Archived Story

Child abuse bill awaits final OK

Published 9:51am Thursday, April 5, 2012

A push to tighten Minnesota child abuse legislation is nearing fruition.

A joint House and Senate Conference Committee passed a reworded child abuse bill Wednesday morning, attached as an amendment to the vulnerable adult bill.

“I’m very pleased,” said Rep. Jeanne Poppe, DFL-Austin, who authored the House bill to heighten the penalty on child abuse. “The public servants did their job. We are grateful to them for stepping in.”

Poppe acknowledged the testimonies of several Mower County officials, including Sheriff Terese Amazi, County Attorney Kristen Nelsen and sheriff’s detective Steve Sandvik, as being instrumental to her efforts.

Sen. Dan Sparks, DFL-Austin, had introduced and shepherded a matching bill in the Senate.

The bill was brought into existence as a reaction to the sentencing of Dexter parents Brian and Charity Miller last July. The parents were convicted of chaining their 5-year-old son to his crib and withholding food and bathroom access from him and his 8-year-old brother. They could only be charged with a gross misdemeanor because of the need for “substantial” bodily harm.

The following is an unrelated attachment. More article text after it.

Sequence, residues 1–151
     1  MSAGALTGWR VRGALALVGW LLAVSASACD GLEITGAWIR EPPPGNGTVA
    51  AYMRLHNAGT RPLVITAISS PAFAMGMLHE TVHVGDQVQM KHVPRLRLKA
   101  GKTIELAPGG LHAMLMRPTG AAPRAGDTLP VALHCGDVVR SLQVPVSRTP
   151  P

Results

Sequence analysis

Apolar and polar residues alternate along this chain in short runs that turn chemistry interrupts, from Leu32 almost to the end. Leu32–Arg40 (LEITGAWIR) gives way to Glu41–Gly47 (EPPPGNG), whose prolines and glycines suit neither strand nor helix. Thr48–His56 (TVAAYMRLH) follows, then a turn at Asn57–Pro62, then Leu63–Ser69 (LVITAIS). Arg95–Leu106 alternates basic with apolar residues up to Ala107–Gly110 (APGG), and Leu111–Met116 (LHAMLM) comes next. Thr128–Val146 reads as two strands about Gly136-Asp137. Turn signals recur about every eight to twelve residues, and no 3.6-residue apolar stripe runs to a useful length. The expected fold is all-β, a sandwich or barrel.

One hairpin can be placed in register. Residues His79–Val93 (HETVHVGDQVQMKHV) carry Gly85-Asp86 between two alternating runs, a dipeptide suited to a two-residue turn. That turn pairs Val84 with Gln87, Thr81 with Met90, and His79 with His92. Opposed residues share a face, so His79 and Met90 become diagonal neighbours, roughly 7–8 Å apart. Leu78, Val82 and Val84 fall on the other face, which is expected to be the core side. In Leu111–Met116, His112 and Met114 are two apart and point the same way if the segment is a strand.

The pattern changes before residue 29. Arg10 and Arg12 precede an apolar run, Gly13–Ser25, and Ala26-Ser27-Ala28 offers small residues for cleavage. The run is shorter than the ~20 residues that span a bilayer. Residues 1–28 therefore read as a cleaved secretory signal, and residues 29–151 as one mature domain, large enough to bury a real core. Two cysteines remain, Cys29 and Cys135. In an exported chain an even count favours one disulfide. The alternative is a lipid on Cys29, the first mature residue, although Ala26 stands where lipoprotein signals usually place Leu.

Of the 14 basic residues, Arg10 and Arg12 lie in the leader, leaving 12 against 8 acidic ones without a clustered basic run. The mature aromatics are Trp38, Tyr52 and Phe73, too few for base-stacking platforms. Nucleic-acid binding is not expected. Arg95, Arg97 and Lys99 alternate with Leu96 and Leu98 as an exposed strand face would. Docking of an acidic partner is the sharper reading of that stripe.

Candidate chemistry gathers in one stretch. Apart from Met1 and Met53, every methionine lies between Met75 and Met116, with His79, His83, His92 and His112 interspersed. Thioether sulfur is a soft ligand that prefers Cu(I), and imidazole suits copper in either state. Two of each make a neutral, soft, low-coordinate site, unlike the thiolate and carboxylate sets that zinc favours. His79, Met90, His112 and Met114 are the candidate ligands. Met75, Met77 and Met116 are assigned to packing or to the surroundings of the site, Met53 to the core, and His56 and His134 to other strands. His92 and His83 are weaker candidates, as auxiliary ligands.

“This is a case of a little boy telling a story and his teacher reporting it to authorities,” she said in a statement. “Locally, every public servant involved in this case stepped up on behalf of these young boys.”

The committee changed the language of the bill, separating the “demonstrable bodily harm” clause to hold a new, midterm tier separate from “substantial bodily harm.” The new tier is punishable by two years in prison and up to a $4,000 fine, in contrast with five years in prison and a $10,000 fine for “substantial” bodily harm. Both would be felonies.

The bill will come before both the House and Senate once more in its reworded form. Poppe said it’s likely the bill will pass on both counts. After, the bill will be sent to Gov. Mark Dayton for his signature.

Sparks said the Senate would likely vote on the bill Thursday.

“There were challenges along with way but in the end this is an acceptable resolution,” Poppe said. “We are appreciative to House and Senate conferees for including the provision in the final report.

“It tightens the law and ensures future incidents like the case in Mower County can be charged and punished to more appropriately fit the crime, which was our main objective.”

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